Does Target Training Help Reduce Horses’ Stress?

Researchers found no differences in horses’ stress levels in high-stress situations before and after training.

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Does Target Training Help Reduce Horses
Previous study results have shown that target training can be effective at reducing stress and avoidance behaviors in horses. | Photo: Courtesy Dr. Robin Foster
Does your horse have a mini meltdown when you try to load him on the trailer? Or maybe he gets jittery when you walk him up to the mounting block. Depending on your horse’s personality, you might consider practicing target training prior to these types of high-stress situations.

Previous study results (Ferguson and Rosales-Ruiz 2001; Hendrisken et al. 2011) have shown that target training—using a clicker to cue the horse to touch an object with his nose, and then offering a food reward—is effective at reducing stress and avoidance behaviors in horses. But if you target train a horse in a low-stress environment, does that training transfer over once he’s placed in a high-stress situation, such as a veterinary clinic or a horse show?

Kelsey Wallach, an undergraduate student at the University of Washington, aimed to answer this question in a recent target training study. Co-author Robin Foster, PhD, Cert. AAB, research professor at the University of Puget Sound and affiliate professor at the University of Washington, presented the results at the 11th International Society of Equitation Science conference, held Aug. 6-9 in Vancouver, British Columbia.

In their study, Wallach and Foster employed 12 mares and geldings ages 4 through 19. Before doing any training, they observed each horse’s stress (e.g., tail swishing, ear flicking) and avoidance (e.g., barging, rearing) behaviors during mounting and trailer loading. They then clicker-trained the horses to follow a target in several low-stress contexts—a familiar round pen or small paddock. Foster said they modeled their training after behavior sequences used in trailer loading or at a mounting block (for example, taking multiple steps forward, backward, and standing quietly with the handler), and performed 10-minute training sessions with each horse three to four times a week. Every time a horse completed the chained behavior sequence correctly, he or she received a food reward (positive reinforcement)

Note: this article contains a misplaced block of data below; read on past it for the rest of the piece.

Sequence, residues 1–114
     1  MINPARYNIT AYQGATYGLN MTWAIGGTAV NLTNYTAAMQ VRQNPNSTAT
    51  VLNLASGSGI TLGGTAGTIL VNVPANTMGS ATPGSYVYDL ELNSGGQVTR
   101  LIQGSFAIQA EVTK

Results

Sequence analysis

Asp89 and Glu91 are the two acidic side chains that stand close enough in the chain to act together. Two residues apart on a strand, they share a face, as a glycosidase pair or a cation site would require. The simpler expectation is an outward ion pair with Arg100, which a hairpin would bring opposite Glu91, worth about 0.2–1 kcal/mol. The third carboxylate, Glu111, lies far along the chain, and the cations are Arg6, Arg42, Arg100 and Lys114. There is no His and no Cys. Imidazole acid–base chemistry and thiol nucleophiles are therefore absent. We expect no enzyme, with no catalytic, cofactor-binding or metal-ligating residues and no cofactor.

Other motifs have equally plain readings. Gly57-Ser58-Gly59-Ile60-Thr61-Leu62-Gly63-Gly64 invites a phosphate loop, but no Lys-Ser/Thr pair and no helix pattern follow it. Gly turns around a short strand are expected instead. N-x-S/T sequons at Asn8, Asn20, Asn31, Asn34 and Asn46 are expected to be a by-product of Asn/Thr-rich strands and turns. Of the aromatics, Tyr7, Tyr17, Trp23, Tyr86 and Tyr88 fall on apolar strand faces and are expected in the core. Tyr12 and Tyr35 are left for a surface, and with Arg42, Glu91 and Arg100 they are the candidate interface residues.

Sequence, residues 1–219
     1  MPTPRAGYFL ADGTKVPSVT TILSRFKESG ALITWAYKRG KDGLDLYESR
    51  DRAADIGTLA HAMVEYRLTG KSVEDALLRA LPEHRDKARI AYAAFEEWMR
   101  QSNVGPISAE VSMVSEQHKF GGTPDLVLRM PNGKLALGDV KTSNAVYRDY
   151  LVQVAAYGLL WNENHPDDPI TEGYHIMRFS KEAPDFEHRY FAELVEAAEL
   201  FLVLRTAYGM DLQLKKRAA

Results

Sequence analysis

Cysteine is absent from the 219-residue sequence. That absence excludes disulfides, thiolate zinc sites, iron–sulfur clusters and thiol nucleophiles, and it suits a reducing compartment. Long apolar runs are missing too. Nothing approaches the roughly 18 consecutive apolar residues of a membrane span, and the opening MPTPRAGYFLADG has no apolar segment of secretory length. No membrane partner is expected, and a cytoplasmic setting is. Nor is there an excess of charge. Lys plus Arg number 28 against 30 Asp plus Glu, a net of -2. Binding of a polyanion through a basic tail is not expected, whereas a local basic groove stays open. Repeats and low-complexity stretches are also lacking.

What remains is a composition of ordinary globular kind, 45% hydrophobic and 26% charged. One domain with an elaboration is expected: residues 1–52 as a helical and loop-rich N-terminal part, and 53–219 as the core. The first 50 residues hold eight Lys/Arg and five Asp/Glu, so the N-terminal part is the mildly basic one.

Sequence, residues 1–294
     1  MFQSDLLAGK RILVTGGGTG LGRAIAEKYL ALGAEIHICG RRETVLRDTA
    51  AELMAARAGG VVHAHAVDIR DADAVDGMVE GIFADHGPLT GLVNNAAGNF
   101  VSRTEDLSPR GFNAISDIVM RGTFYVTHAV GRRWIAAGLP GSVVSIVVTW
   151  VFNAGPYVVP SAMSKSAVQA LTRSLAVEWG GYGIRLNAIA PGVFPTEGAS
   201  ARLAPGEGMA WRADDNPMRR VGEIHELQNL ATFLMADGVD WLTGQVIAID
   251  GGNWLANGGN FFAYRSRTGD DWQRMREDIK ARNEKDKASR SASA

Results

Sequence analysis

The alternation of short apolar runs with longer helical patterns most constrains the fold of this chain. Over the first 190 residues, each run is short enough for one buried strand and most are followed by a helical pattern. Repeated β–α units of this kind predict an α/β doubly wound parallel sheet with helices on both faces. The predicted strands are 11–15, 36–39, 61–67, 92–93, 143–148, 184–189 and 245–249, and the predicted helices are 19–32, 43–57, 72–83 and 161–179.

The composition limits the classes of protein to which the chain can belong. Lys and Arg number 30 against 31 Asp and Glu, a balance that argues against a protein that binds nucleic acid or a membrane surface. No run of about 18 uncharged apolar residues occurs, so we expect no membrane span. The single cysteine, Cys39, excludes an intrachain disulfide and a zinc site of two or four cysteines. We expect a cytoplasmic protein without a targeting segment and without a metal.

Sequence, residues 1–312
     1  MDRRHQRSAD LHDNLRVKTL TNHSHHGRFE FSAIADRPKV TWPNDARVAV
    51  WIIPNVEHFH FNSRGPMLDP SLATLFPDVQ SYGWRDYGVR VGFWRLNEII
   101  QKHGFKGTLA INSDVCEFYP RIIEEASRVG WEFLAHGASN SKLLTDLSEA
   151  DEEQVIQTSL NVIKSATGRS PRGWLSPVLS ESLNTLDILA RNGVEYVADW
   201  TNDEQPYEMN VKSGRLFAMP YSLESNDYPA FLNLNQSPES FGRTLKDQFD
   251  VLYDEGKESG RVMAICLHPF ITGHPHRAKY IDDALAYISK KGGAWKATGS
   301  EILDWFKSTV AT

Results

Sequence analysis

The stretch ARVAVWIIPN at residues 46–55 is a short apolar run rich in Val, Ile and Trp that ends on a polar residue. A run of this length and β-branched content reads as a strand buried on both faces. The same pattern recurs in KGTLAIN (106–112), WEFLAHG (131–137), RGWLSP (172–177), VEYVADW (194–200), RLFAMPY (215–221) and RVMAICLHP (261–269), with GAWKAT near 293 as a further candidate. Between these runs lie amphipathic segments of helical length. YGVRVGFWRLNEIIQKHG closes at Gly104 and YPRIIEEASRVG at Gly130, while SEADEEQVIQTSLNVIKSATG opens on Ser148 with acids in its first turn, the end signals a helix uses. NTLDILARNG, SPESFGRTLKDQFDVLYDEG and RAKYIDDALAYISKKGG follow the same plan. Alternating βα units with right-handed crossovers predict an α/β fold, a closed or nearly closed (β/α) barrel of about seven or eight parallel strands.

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Alexandra Beckstett, a native of Houston, Texas, is a lifelong horse owner who has shown successfully on the national hunter/jumper circuit and dabbled in hunter breeding. After graduating from Duke University, she joined Blood-Horse Publications as assistant editor of its book division, Eclipse Press, before joining The Horse. She was the managing editor of The Horse for nearly 14 years and is now editorial director of EquiManagement and My New Horse, sister publications of The Horse.

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